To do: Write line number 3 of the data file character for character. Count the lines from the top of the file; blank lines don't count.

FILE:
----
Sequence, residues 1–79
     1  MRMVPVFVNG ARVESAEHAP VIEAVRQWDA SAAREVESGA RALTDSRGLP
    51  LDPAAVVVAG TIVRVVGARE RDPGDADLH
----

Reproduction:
    51  LDPAAVVVAG TIVRVVGARE RDPGDADLH